“I mean who knows what kind of creatures are out there wreaking havoc on history?”
DC’s Legends of Tomorrow has become somewhat the odd man out when it comes to the DC Television Universe, or the Arrowverse, as it is most commonly known. Last season it was not part of the annual crossover, and it aired later in the year with fewer episodes. And while it will be a part of the huge crossover coming in December, it still doesn’t appear to get the same respect as the other shows. I like the series, but it is my least favorite of the franchise. Warner Brothers Home Entertainment isn’t as high on the show either. They crammed extra episodes on the discs so that all 16 episodes of the fourth season end up on just two discs. Ouch. It doesn’t help that every year sees a huge shake-up of the cast, and this season was no exception. The crew of the Waverider change over faster than teens at a fast food joint. Of course, you might be left asking yourself what is this Waverider of which you speak? It’s hard enough to keep track of the players without a program, but it’s a near impossible feat if you are trying to join the festivities in the fourth season. You might want to check out our reviews of the previous years and then rejoin me for the breakdown of the Blu-ray release of DC Legends Of Tomorrow Season 4. Just bang it here to catch up: Legends Of Tomorrow Reviews.
When season three ended, the Legends managed to beat the bad guy by opening up a rift. What they didn’t quite know at the time was that while their big bad went away, a collection of magical creatures made their way to this side of the rift and are now scattered throughout history. Now the crew must track them all down. At first they were sending them to Hell in portals created by John Constantine (Ryan). At some point their consciences got the best of them, and they started to collect them at a secure rooms at the Time Bureau. The problem with that idea is that it leaves open the possibility that this group of magical creatures could be used for nepharious purposes, and wouldn’t you know it, they are.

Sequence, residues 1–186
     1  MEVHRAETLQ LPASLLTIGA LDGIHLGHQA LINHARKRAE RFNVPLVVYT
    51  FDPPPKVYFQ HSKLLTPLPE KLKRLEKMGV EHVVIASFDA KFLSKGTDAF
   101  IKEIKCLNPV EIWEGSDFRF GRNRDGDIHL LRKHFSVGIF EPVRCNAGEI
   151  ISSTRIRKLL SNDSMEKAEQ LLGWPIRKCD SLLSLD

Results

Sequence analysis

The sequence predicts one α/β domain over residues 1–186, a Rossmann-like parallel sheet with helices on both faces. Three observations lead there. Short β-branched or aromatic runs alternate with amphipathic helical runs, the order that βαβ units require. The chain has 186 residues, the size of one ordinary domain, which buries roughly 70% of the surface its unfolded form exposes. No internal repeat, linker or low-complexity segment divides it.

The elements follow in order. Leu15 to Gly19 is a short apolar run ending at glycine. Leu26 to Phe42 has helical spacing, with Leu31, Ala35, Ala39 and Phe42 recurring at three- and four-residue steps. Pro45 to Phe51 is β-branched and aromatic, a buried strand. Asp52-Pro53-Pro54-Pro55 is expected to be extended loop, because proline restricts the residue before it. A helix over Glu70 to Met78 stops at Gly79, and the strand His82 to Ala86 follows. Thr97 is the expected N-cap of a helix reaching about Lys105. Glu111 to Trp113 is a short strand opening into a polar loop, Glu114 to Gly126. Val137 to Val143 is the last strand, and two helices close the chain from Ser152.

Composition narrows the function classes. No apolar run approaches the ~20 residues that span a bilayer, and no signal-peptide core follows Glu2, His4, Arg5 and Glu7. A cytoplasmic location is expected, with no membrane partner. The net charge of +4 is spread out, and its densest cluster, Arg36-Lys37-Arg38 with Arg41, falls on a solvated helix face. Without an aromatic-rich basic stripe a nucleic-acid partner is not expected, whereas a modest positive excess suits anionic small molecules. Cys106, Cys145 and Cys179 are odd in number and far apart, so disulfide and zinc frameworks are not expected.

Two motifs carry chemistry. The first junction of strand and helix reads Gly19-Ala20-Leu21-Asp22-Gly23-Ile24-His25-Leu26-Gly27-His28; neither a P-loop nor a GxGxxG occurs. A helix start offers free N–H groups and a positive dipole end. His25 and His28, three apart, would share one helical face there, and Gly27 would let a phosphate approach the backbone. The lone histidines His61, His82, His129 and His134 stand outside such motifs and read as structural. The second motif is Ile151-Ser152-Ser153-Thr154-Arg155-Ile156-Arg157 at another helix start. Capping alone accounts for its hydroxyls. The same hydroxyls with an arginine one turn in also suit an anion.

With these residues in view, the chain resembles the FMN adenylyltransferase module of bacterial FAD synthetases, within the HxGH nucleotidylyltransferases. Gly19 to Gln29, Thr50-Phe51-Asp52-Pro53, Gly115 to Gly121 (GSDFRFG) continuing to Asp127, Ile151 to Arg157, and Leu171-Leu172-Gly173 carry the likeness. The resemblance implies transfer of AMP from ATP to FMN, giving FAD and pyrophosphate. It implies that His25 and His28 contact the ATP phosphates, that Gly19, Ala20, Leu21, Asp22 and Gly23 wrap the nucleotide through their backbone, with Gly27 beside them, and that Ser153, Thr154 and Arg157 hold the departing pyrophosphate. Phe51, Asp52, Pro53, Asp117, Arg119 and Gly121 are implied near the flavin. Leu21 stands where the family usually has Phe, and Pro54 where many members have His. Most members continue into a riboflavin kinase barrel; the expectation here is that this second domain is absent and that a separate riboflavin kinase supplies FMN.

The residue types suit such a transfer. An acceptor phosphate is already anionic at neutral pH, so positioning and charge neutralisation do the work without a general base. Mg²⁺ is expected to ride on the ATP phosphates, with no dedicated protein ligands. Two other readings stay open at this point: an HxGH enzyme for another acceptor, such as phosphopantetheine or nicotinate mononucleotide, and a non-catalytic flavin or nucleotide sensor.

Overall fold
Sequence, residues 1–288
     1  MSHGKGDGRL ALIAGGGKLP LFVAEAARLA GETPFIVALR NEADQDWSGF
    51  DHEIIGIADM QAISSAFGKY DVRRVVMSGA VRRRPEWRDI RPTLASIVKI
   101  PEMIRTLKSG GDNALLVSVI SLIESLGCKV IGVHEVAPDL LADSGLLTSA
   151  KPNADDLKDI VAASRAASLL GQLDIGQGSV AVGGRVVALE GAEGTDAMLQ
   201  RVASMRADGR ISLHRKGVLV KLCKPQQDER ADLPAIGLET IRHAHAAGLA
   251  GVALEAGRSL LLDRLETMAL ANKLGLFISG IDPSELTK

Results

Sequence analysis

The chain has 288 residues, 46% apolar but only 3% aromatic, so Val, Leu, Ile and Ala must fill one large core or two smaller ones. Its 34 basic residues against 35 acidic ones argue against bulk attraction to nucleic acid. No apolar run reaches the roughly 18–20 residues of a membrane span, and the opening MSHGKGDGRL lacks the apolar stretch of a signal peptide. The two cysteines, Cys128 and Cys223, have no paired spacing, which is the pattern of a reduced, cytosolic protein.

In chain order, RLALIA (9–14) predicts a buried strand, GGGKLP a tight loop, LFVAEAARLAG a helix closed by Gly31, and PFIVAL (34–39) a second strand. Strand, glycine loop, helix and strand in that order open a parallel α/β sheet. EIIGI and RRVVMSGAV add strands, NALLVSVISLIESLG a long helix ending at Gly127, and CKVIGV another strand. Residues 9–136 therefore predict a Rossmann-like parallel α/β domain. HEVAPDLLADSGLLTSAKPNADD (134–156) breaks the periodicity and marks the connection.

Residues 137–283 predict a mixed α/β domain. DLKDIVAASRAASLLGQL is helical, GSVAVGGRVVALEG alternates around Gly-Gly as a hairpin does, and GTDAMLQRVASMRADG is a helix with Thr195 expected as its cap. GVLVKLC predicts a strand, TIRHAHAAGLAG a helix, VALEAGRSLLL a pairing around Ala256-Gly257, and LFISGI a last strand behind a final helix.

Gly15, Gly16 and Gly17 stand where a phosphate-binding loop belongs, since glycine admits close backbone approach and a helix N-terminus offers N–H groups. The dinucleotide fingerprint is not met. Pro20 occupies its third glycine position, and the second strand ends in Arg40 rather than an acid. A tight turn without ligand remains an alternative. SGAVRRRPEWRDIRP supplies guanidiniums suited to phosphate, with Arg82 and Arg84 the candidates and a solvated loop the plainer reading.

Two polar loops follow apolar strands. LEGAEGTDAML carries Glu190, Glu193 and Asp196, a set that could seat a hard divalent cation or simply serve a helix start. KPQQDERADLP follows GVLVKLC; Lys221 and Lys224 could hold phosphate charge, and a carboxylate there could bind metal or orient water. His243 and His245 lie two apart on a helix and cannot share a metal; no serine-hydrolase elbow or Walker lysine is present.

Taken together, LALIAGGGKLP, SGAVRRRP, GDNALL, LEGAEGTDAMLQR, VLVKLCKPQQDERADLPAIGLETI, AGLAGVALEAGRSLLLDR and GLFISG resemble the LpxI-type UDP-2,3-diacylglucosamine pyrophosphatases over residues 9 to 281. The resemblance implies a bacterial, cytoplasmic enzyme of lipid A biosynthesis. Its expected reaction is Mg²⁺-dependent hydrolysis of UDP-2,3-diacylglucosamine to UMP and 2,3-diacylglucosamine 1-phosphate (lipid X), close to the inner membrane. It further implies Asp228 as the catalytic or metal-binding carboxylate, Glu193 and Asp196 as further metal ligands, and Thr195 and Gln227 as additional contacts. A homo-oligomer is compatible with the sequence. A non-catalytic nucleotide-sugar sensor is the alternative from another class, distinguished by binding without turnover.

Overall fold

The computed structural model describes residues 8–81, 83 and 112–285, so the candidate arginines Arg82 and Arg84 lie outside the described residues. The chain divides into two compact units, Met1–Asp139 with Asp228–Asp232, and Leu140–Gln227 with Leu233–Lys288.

The crew changes this season. Firestorm is gone, and that means saying goodbye to both Franz Drameh as Jackson and Victor Garber as Professor Stein. Rip Hunter is also once again gone, and that leaves Caity Lotz’s Sara Lance back in command of The Waverider. Amaya is also gone, but we don’t have to say goodbye to actress Maisie Richardson-Sellers. She returns as a brand new character courtesy of the magical beasts that feature in this season’s episodes. The crew track a shapeshifter to 1980’s England who is using the face of Queen Elisabeth to promote a punk rock band. When the Legends encounter the creature they decide not to send “her” to Hell, but rather start the capture program. The shifter last used Amaya’s appearance to get that sympathy and becomes trapped in that form. Same actress but an entirely new attitude. Eventually she regains her shifting abilities but keeps the same form because it has become familiar to the crew of which she becomes a part.
Also remaining in the crew is former Flash rogue Mick Rory, played by Dominic Purcell, and Ray Palmer, aka The Atom, played by Brandon Routh. Nick Zano also returns as Nate, who gets to have a much more juicy role this season. We meet his father, who happens to be a powerful person in the Department of Defense and holds the purse strings for the Time Bureau. The cool part about this is that he’s played by none other than Thomas F. Wilson, better known to movie fans as Biff Tanner from the Back To The Future movies. He crosses the line between good guy and bad guy here, and the references to his Biff character are legion. And who hasn’t always wanted to see Biff sing Sweet Baby James? The character and actor are the highpoint of the season.